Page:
the US suffered and is still suffering from a liquidity trap hence the need for active fiscal policy

    Forrest,

    you never use interest rates to try to ‘engineer’ a depreciation because it doesn’t work all of the time .

    Can’t say many think Venezuela is comparable but then Forrest doesn’t believe the ECB is quantitative easing.

    Butterfield, Bloomfield & Bishop

    January 13, 2010 at 12:43 pm

  12. What does this mean, homes?

    at least John Humphreys was honest enough to own up the ‘Keynesianism in the 70s’ was what some people thought Keynesianism could be not what he actually said.

    Seriously you should be placed under moderation until you promise to read the crap you post here first, as most of it is incomprehensible crap.

    you never use interest rates to try to ‘engineer’ a depreciation because it doesn’t work all of the time

    Oh, so what would you use then if not interest rates, homer? Perhaps dog barks?

    Can’t say many think Venezuela is comparable but then Forrest doesn’t believe the ECB is quantitative easing.

    So Venezuela is comparable because many don’t think it is? Why?

    You said devaluations don’t happen anymore. I proved you wrong with your poster boy devaluing this week by 50% and emptying the shops.

    As for the ECB.

    The ECB did 12 months repos. It was unusual in that it wasn’t a permanent add to the system and they said in December that they were going to withdraw it.

    It wasn’t QE as we know it.

    ———

    Homer:

    Answer the the Japan question. man up.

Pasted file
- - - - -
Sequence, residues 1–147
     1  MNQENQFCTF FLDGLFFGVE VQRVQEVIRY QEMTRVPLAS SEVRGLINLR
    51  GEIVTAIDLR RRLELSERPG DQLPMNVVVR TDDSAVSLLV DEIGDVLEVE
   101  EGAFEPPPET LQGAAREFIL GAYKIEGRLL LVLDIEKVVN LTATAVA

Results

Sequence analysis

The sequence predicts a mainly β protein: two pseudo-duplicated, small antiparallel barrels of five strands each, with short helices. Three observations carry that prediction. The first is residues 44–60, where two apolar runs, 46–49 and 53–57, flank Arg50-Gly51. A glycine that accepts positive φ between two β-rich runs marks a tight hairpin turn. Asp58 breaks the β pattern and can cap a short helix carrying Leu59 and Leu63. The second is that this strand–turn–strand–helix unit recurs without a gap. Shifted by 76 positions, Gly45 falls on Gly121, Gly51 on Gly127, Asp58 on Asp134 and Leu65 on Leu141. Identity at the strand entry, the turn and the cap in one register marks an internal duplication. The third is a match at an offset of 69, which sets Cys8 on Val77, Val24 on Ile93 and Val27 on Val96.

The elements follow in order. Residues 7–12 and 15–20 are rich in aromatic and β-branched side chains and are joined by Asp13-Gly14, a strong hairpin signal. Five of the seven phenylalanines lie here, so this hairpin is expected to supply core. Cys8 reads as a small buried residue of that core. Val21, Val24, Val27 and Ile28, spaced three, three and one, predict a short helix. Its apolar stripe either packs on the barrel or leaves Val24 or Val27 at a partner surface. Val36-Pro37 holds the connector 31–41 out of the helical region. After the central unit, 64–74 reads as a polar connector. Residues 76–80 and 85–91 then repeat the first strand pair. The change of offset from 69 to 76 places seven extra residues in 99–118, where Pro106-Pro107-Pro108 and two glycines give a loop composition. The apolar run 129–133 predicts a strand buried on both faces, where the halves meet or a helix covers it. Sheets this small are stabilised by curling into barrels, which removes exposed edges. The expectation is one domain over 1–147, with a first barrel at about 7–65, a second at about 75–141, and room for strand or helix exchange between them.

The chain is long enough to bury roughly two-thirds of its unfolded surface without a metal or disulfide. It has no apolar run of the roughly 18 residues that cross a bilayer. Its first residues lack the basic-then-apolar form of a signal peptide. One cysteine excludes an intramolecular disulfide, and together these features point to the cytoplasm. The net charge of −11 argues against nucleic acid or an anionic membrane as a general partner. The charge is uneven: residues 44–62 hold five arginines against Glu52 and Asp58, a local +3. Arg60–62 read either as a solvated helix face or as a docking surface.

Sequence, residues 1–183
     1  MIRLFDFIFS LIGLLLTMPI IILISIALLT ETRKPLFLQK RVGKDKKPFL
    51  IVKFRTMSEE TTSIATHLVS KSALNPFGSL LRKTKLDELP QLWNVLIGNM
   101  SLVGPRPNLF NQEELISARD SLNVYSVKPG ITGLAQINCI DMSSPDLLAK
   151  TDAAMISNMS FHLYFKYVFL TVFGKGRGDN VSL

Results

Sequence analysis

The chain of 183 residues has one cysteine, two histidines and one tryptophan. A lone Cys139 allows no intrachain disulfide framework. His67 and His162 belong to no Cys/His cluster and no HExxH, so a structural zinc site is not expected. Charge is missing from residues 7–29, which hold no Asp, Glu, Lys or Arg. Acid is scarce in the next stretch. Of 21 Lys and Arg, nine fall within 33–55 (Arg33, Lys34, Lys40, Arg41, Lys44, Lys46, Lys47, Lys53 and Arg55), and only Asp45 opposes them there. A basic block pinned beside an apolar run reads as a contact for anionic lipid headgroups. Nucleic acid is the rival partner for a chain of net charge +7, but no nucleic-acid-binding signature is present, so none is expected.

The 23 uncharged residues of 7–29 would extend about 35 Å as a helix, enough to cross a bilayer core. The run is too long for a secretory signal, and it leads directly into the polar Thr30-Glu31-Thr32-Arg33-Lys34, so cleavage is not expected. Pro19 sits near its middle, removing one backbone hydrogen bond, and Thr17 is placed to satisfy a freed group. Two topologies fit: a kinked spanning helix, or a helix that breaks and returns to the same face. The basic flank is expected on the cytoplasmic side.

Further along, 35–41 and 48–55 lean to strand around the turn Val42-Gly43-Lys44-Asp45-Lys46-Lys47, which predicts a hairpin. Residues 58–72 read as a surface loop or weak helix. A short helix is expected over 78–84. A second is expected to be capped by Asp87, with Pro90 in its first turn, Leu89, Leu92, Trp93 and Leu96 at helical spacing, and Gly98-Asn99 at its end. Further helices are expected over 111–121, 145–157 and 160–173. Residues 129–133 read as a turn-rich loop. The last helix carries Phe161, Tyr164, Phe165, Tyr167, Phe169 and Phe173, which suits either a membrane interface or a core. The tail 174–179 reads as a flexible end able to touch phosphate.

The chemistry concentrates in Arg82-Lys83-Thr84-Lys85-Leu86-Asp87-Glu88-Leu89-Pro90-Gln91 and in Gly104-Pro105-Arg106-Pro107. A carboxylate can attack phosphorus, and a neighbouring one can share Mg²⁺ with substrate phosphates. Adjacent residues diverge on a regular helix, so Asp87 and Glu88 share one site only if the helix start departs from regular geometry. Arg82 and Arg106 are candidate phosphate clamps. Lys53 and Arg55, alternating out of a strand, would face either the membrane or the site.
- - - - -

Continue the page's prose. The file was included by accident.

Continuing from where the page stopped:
jc

    January 13, 2010 at 12:53 pm

  13. Forrest you talk about Chavez I do not.

    Venezuela’s difficulties are not to do with depression like conditions where monetary policy isn’t working.
    It isn’t a first world country either which have floating exchange rates

    the ECB first did QE ( when you explicitly said they didn’t) with covered bonds.

    Guess why QE is happening?

    I have answered the Japan question many times.

    the most ironic thing is using Fiscal policy along a medium term objective where it should be in balance is entirely Keynesian.

    In Boom times you need a substantial structural surplus. This is where people who haven’t got past classical economics got it so wrong in the commodity boom.
    They then compounded their error by getting badly wrong in the GFC.

    An easy question why is the Phillips curve irrelevant for Keynesian economics?

    Butterfield, Bloomfield & Bishop

    January 13, 2010 at 1:06 pm

  14. Venezuela’s difficulties are not to do with depression like conditions where monetary policy isn’t working.

    Exactly my point, homes. I’m with you on this one. Huggy Chavez’s policies have been sooo successful they devalued 50%.

    the ECB first did QE ( when you explicitly said they didn’t) with covered bonds.

    They announced their intentions much later than everyone else, homer. They foot dragged all the way.

    But what’s your freaking point?

    jc

    January 13, 2010 at 1:11 pm

  15. where did you learn to write like that Homer? Honest question

    jtfsoon

    January 13, 2010 at 1:30 pm